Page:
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Flag Source: CIA World Factbook
Historically, Bantu-speaking tribes inhabited Malawi, and the Maravi Kingdom, established in the 15th century, was the country’s first national ruling society. By the 18th century, it had successfully expanded into present-day Mozambique and Zimbabwe. In 1883 the British arrived, and in 1891 the British Central African Protectorate (which included most of today’s Malawi and was later renamed Nyasaland) was created.
As in many other European-colonized areas, the British established plantations and employed local Africans. The year 1915 marked Malawi’s first revolt against the British; it failed. Not until 1944 did Britain form Malawi’s first national political movement, known as the Nyasaland African Congress, and in 1949 the first Africans were admitted to the council.
In 1953 the Federation of Rhodesia and Nyasaland was created, and many Malawians feared that it would be used as a means of op
pression against them, as much of Rhodesia was governed with aggressive policies contrived by Europeans. The Nyasaland African Congress in turn became more radical in its politics, and under the direction of Dr. Hastings Kamuzu Banda the movement was renamed the Malawi Congress Party. Protests were organized against the British, and the Federation of Rhodesia and Nyasaland fell apart in 1963, making way for the establishment of an independent Malawi on July 6, 1964.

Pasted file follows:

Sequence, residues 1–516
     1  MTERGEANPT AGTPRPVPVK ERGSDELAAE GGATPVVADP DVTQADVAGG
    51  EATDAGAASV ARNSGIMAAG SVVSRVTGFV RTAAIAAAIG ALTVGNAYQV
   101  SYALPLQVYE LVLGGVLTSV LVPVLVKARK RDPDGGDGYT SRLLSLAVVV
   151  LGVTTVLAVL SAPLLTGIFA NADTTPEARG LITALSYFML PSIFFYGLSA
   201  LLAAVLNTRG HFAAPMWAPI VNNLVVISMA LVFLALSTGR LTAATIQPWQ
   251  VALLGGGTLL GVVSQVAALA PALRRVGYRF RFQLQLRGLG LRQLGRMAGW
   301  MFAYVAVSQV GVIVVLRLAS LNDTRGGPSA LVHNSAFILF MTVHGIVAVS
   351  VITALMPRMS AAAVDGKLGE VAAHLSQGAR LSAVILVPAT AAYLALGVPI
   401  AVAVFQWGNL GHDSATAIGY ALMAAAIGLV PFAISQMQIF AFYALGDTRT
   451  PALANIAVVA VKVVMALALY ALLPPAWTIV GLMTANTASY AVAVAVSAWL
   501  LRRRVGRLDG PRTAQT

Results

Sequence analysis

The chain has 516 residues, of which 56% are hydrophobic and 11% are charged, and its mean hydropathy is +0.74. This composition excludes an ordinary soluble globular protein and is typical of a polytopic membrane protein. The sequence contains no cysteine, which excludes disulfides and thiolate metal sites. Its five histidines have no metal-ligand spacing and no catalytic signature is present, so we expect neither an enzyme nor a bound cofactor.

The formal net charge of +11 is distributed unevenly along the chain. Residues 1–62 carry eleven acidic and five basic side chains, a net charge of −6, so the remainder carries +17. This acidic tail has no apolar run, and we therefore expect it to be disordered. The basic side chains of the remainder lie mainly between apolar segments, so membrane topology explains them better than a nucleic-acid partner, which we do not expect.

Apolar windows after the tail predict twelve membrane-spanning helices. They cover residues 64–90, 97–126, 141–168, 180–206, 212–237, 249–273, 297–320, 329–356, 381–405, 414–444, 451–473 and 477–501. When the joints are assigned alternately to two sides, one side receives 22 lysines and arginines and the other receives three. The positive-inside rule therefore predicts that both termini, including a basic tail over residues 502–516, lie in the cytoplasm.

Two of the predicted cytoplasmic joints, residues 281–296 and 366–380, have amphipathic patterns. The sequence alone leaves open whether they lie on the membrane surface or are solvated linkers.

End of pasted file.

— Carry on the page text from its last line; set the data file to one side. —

Banda was a controversial ruler, as he fostered a strong connection with South Africa, becoming the first independent black African leader to visit the apartheid-riven nation. Despite the controversy, Malawi benefited from significant foreign investment and prospered.
Protests erupted against Banda’s government in 1992, coinciding with a terrible drought. In 1994, free elections were held, and Bakili Muluzi replaced Banda. Muluzi was himself replaced by Bingu wa Mutharika, who remains Malawi’s president to this day.
The Top 5: Local Advice
1. Malawi is a landlocked country smaller than Pennsylvania, with a population of more than 15 million. The capital of the country, Lilongwe, is located in the central region of the nation, and the most populous city, Blantyre, is in the southern region.
2. The Malawi currency is the Malawi kwacha (Zambia also calls its currency the kwacha). Every kwacha equals 100 tambala; the coins include one-, five-, and 20-tambala pieces. The symbol for the kwacha is KW.
3. Some of the most popular newspapers are The Nation, the Daily Times, and the monthly Chichewa-language paper, Boma Lathu.
4. The main languages of Malawi are English and Chichewa. Many Bantu languages, such as Chilomwe, Chiyao, and Chitumbuka, are spoken.
5. Smoking is currently allowed in public areas. Tobacco is Malawi’s most important cash crop.